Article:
Newspaper article The Florida Times Union

MURDER RATE; an Interesting Start

Newspaper article The Florida Times Union

MURDER RATE; an Interesting Start

Article excerpt

Duval County Health Department's venture into the community's murder and violence issues has already produced an eye-opening discussion point.

A new report from the department says Duval County emergency rooms are six to seven more times likely to treat injuries from gun wounds as Hillsborough and Orange counties, which have larger populations.

The numbers originated from emergency room details for 2005 collected by the Florida Agency for Health Care Administration.

Yet, other statistics from the Florida Department of Law Enforcement show Duval had about 3,000 fewer aggravated assaults in 2005 than either Hillsborough or Orange counties.

How can our county have such a higher rate of emergency room visits for gunshot wounds yet trail so far behind in aggravated assaults? Especially when Duval is far ahead of both counties in murders and murder rate?

The answers aren't yet clear.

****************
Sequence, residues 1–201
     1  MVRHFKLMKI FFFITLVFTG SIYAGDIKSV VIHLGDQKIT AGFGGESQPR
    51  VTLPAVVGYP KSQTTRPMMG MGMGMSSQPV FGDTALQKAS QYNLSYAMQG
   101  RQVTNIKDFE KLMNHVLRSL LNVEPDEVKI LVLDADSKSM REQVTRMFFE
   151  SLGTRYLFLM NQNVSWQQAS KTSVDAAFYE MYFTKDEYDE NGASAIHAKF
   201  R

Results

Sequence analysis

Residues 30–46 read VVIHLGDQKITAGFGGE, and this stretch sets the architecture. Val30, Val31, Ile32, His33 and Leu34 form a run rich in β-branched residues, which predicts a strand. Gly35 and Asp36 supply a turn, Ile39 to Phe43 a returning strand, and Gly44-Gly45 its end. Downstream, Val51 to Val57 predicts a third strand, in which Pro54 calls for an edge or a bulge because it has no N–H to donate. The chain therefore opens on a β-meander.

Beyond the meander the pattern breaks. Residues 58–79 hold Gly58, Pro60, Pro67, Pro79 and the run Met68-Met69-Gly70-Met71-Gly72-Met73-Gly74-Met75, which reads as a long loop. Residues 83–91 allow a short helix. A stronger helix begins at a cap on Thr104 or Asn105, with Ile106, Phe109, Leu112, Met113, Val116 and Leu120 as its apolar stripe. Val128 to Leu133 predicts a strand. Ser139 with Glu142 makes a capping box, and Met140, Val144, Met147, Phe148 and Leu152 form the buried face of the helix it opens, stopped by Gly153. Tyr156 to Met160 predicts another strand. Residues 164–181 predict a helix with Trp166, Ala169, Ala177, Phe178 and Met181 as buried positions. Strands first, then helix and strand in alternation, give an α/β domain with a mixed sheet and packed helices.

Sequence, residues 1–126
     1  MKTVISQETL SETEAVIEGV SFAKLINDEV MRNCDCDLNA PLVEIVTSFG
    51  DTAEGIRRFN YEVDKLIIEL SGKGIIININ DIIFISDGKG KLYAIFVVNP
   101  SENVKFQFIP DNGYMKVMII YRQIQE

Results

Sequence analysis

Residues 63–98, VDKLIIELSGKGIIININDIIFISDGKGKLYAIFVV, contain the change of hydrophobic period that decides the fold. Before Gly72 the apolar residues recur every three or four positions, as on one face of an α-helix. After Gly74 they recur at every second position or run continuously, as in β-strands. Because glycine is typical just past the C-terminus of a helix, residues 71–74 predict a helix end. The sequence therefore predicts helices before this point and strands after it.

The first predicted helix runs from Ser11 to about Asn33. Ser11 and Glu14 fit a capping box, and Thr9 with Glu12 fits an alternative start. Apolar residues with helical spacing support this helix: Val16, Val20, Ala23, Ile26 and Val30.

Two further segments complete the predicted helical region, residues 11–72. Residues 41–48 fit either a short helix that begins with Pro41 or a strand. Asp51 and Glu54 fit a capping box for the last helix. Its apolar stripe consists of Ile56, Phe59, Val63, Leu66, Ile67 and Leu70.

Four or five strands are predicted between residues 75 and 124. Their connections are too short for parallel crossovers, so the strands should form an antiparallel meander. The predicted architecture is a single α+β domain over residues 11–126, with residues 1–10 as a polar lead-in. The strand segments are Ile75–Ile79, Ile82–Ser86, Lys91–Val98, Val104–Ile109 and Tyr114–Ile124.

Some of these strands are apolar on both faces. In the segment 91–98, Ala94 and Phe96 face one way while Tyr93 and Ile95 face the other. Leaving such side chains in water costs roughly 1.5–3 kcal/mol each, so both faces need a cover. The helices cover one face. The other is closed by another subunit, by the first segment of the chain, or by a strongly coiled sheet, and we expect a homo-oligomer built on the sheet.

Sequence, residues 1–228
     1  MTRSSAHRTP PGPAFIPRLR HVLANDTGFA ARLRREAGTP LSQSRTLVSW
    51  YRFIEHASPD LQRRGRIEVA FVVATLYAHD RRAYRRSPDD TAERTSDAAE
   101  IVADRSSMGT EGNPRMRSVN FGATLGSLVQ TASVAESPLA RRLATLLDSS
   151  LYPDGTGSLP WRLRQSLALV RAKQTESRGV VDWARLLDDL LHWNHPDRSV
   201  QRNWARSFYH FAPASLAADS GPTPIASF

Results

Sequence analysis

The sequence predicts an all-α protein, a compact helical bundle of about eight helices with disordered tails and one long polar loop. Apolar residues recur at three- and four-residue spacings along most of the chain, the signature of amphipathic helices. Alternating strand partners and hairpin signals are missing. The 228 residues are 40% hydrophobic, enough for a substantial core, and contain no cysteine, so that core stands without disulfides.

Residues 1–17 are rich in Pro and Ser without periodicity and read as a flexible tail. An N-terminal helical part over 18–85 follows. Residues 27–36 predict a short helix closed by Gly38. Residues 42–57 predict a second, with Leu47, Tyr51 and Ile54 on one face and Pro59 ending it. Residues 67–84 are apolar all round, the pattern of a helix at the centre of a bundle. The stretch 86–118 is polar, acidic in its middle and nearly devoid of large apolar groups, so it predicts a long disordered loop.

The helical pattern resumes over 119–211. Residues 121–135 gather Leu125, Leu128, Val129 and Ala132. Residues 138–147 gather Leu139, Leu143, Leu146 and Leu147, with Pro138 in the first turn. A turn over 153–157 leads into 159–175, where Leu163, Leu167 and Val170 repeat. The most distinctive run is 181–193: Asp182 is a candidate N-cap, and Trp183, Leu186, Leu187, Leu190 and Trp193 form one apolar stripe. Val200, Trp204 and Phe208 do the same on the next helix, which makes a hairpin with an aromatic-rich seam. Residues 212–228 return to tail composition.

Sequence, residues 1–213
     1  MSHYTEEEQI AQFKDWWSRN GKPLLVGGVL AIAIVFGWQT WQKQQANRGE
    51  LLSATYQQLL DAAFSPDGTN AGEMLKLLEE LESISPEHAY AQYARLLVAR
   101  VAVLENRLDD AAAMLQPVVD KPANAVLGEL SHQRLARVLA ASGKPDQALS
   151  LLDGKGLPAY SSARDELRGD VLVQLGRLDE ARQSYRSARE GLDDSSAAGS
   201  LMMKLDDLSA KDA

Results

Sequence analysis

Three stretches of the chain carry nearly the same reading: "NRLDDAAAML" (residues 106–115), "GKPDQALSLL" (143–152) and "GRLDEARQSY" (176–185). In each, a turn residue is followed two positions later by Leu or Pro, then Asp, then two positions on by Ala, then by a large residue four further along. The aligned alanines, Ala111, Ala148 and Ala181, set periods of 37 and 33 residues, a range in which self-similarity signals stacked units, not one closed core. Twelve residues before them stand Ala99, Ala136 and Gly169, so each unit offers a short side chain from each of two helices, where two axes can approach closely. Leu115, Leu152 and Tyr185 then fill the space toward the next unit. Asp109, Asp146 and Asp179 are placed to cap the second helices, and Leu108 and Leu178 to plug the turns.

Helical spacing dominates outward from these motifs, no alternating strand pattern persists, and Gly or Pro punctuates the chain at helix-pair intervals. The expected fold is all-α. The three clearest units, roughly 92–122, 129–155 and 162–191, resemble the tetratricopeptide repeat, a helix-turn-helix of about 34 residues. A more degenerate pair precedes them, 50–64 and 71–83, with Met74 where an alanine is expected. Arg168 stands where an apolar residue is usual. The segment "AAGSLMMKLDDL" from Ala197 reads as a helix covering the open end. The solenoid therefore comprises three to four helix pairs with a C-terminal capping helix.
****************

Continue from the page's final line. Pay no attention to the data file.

But it is apparent the health department can provide new insights on a nagging problem.

Perhaps others will follow.

Duval has led the state in murder rate for the last seven years in a row and 13 of the last 18 years, although overall crime has fallen in recent years.

Health officials say a closer inspection of the roots of murder and violence from a health perspective could help unravel clues to combating the problems and providing more early prevention.

Duval County has high rates of sexually transmitted diseases, infant mortality, diabetes and stroke, and teenage births. How do those factors and others - such as poverty and illiteracy - lead to murder and violence?

And how can a better understanding foster more solutions?

A new department task force will evaluate the usefulness of prevention efforts here, explore best practices elsewhere and offer suggestions to city officials on how to best channel public dollars to make a difference.

"This problem goes much beyond criminal justice," said health department Director Robert Harmon. …

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